Joseph "Chip" Troiano represents Caledonia District 2 in the House. Troiano worked for more than 30 years as a defense investigator in Vermont. The job allowed him to make use of his skill as a photographer, which is currently on display at the Statehouse.
Troiano worked for Vermont’s defender general, as well as two high-profile law firms in St. Johnsbury. His clients ranged from a man convicted in a double homicide in Derby to a man acquitted of driving a lawn tractor without a license in Island Pond. Troiano retired last summer after 34 years as a defense investigator. He says not everyone is cut out for the job.
“My wife tells me that I’ve got a gift of being able to encounter people and engage people and schmooze, I guess, is the term that some people would use,” says Troiano. “If you don’t feel comfortable going up to a house and knocking on a door, not knowing who is going to answer it, with the intent to engage that person who may not want to talk to you, then you’re not made to do this work.”
In the early 1980s, Troiano worked on a rape and abduction case that involved the first use of post-traumatic stress disorder as a defense in Vermont. He interviewed scores of people for another case in which a man shot to death his wife’s lover at a gas station in Orleans.
Richard Rubin is an attorney with the Barre law firm Rubin, Kidney, Meyer & Vincent. He’s worked with Troiano on criminal cases for many years.
“Every murder case, every significant felony case needs an investigator,” Rubin said.
“Many of these investigators, they don’t call ahead. That’s how they get their information. And if they call ahead, they don’t get that information,” Rubin explains. “Unless you’re prepared to go back to someone’s house four times on a freezing cold night 10 miles from the Canadian border and wait till they get home and deal with their dogs, you don’t get the job done. And that is a rare person who’s willing to do that. And that’s Chip Troiano. He'll go back and back and back until he gets that person to talk to him.”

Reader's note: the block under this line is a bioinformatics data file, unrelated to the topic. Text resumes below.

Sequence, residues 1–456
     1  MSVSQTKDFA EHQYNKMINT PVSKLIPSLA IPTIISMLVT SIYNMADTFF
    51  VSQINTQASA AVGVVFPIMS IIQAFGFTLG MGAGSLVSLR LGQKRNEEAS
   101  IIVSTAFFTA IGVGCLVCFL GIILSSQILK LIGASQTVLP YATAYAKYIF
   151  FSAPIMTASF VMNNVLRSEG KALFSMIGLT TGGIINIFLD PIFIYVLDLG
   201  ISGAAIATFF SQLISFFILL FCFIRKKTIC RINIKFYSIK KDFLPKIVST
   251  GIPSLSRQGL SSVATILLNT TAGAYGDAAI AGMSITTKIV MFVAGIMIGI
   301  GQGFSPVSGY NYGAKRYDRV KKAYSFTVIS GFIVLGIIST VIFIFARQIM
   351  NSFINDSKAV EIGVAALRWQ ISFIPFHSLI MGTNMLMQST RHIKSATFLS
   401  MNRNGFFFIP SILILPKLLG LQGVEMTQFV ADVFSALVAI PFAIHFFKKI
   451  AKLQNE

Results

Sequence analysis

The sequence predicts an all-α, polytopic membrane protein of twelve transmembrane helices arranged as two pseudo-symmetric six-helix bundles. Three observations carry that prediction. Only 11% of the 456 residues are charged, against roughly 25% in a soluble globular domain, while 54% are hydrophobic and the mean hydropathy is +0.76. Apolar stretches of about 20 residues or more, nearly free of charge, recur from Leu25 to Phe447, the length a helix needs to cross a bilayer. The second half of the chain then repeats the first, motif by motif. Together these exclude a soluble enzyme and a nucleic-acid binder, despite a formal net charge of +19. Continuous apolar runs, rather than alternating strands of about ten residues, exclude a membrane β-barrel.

Troiano has seen the methods and technology used in investigative work evolve over the decades.
“When you’ve got bullet holes in walls and you’re trying to determine where they were shot from, now the police use lasers,” says Troiano. “Actually, I do have a laser that I can use. But the old fashioned way was to put a pencil in the bullet hole and that would send you in the direction of which it was fired. I remember doing old-fashioned investigations that way.”
Troiano has been passionate about photography for much of his life. After he served as an infantryman and helicopter gunner in Vietnam, Troiano studied photography at the Fashion Institute of Technology in New York.
He gained a reputation around Vermont as a forensic photographer who could be called on to document crime scenes. His photographs of blood droplets on a wall or pry marks on a windowsill have been useful to defense lawyers.
But his great love is landscape photography.
Follow Troiano up to the office on the second floor of his home in Stannard and he'll pull up on a computer screen photos of his world travels.
“Here are some monks rehearsing dance moves,” Troiano says as he clicks through his photos. “That’s Abel Tasman National Forest. Look at the fern trees. We saw some of the most interesting cloud formations in Patagonia. This woman is lugging all these fruits and this woman is selling out of her three-wheeled bicycle with an umbrella on top.”
The women selling fruit were photographed in Vietnam. Troiano’s Vietnam pictures, as well as his photos from Patagonia, New Zealand and Bhutan will be exhibited in the Statehouse cafeteria during February.
“My ambition is to present beautiful photos of places that many people aren’t able to go to, so they can travel through my photographs,” he explains. “And all the shows seem to be successful at doing that. People come to me and say, 'Wow, what a beautiful place.'”
Even though Troiano retired as a defense investigator in July, there are some who are a little skeptical about him being permanently retired.
“He’s retired until something really interesting comes along,” says attorney Richard Rubin. “Being an investigator is in his blood, so, he says he’s retired but something comes along, we’ll see how retired he is."
Pressed on the question of whether he might return to work as an investigator, Troiano says that since his paycheck as a legislator stops in the middle of May and doesn’t resume until the beginning of January, returning to his work as a gumshoe is certainly a possibility.